Ashley Hurst – 2014 Race Chair

Signing Off – Race Chair Mike on running his first RFTC for his mom, Mollie Gavigan


(Brothers Joe, Race Chair Mike, and Bill… Thank you Shawna Long for taking this photo)

A bunch of my family drove in from Nashville, TN to celebrate my mom Mollie Gavigan and my grandmother Molly Burd. We lost both to breast cancer. We were also celebrating my new “cousin-in-law’s” mom Lizzy Bearden who also lost her life to breast cancer.

Your first Race for the Cure, you do it for you, someone you love, someone you lost or just because someone asked you to come.

As the race goes on, as you see those survivors clad in pink, the dancing firemen, funny team shirts, pink wigs, you realize it’s bigger than just you. You realize that we all come downtown as one for each other, for a common goal to someday make this world cancer free.

I loved Saturday. I love the event and everything it stands for. My brothers and my uncle and I all ran together. We hammed it up with all the bands, the cheerleaders, the firemen, all of the amazing groups cheering us and all the participants. We crossed the finish line together with big smiles and saluted our mom.

Then a young lady came up to us and said that she had been running behind us for the whole Race. That this was her first Race after her last treatment. She said that we helped her have fun and that she loved our antics. Well, the waterworks almost started flowing again, but I was finally out of tears. I wish I knew her name, because her nice words put a perfect bow on our run together.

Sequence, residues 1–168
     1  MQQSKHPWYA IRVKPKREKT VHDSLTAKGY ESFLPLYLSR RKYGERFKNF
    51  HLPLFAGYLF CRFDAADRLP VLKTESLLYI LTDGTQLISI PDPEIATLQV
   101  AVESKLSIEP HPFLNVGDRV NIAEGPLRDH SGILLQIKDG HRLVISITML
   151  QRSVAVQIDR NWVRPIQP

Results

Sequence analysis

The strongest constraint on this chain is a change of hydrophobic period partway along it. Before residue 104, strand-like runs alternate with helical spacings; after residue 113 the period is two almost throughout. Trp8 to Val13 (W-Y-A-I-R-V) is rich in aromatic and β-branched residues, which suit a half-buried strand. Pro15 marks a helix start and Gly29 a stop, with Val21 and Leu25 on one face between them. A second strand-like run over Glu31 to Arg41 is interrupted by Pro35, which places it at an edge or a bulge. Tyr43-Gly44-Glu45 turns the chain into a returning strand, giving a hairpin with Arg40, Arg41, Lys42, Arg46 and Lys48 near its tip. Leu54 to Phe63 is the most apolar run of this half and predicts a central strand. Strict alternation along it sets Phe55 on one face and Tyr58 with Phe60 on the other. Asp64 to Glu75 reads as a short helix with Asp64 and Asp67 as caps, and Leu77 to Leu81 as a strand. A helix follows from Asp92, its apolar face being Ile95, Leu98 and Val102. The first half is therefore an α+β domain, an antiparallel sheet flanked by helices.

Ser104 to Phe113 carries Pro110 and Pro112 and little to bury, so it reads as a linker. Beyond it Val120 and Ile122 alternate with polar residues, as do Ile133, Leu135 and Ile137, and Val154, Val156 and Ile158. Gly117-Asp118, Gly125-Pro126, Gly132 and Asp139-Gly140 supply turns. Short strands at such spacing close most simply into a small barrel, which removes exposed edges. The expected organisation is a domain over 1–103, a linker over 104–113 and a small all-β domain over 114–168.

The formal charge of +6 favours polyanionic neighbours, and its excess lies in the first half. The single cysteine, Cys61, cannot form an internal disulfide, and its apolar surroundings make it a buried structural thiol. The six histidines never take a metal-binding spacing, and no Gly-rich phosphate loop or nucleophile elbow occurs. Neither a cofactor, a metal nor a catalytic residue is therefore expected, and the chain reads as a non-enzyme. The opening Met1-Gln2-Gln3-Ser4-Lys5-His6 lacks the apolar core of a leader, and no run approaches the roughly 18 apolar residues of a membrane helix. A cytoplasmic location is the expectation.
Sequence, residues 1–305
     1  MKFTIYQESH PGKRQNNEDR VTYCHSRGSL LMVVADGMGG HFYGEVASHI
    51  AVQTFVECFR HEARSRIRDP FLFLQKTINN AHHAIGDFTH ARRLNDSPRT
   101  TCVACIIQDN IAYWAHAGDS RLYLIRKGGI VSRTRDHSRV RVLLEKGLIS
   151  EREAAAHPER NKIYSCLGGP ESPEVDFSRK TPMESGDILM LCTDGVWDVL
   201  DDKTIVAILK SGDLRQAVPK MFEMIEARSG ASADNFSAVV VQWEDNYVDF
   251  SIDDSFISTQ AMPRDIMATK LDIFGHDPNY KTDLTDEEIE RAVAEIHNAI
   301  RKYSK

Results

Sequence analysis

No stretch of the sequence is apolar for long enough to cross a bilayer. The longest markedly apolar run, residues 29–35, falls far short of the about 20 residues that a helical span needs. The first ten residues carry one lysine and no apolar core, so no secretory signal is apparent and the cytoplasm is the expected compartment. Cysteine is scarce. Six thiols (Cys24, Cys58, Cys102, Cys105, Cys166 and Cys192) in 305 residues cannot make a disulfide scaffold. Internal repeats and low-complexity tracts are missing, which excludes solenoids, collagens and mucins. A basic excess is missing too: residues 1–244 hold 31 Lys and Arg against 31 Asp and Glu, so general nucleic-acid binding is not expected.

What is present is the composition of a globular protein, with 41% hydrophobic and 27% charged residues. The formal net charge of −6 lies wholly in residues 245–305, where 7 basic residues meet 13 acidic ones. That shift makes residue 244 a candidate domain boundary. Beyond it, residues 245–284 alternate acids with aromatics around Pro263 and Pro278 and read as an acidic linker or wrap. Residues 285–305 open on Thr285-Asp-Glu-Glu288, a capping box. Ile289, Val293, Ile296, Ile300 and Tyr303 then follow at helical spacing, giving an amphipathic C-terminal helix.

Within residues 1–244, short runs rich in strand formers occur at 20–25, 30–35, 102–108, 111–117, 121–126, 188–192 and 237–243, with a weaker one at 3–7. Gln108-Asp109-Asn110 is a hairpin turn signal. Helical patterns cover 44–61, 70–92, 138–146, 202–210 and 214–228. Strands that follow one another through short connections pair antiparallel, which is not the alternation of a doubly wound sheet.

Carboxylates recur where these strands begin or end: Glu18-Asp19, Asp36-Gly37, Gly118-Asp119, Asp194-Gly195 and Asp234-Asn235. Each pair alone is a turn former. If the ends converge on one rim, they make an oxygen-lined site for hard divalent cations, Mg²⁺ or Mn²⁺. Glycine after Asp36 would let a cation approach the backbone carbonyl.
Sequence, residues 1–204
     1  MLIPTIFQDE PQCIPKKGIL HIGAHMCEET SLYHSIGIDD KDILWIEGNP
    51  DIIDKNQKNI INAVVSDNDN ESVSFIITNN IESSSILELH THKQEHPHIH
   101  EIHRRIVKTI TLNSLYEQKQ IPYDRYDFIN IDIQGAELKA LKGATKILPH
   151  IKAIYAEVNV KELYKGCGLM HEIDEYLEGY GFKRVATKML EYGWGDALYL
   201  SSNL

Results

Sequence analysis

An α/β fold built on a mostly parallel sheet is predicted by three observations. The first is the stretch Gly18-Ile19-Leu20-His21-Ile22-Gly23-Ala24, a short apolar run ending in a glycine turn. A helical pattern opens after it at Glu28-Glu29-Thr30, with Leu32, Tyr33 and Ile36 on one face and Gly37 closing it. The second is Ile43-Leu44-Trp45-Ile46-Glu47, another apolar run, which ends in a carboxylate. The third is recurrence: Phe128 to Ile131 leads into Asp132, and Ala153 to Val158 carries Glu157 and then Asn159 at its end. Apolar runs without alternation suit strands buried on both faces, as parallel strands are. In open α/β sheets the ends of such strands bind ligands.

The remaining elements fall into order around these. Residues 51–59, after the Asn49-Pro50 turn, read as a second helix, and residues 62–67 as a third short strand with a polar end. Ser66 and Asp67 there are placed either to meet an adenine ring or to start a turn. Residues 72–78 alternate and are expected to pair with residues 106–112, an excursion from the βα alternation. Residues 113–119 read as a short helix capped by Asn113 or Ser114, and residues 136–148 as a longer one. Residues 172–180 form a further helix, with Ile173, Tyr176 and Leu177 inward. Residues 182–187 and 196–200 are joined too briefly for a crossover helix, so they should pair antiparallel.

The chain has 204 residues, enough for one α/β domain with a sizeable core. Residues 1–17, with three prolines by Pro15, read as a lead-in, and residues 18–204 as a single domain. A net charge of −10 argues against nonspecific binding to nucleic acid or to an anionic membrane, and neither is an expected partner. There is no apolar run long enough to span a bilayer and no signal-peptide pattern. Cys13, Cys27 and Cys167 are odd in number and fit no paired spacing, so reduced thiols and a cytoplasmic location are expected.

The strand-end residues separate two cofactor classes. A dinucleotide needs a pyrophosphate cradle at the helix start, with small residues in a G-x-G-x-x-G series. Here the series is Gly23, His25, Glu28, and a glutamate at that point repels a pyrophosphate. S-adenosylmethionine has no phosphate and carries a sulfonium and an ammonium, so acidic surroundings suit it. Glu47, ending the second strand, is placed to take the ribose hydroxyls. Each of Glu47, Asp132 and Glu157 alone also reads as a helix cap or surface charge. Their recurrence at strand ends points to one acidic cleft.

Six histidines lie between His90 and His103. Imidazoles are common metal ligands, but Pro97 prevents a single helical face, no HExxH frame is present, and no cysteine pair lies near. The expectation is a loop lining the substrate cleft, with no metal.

So, we all did, we all went ALL IN for those we loved, each other and those we want to celebrate more birthdays. I cannot wait for next October so I can do it all over again. BUT this time for Race Chair Ashley.

Signing off – Race Chair Mike

- Race chair mike


How a 3x survivor mom saved her 26 yr old daughter, who saved her 29 yr old sister.

Yesterday Becky Hale and her daughters Lindsay Hale Bender and Devon Hale spoke at our Race Committee meeting.

Becky was first diagnosed with breast cancer around 20 years ago, caught it early and was able to carry on with her life.  That is until she found breast cancer again.  Like the first time, she caught it early and thought she was in the clear.  Well, she found it a third time a few years later, and this time is was more serious.  She had to go through chemo and radiation, but she kicked it again, and now is in remission.  And loving life.

Enter her daughter Devon, 26 years old.  Through her own vigilance and the knowledge of her mother’s struggles with breast cancer, she found a lump, and it too was cancerous.  The day after she went into remission, her 29 year old sister Lindsay was given bad news.  She too had breast cancer.

Lindsay had seen her mom’s experience, been there and supported her sister Devon, so she had gone to her doctors to have a series of tests expecting to have a preventive mastectomy.  Once there, the doctors found cancer in both breasts.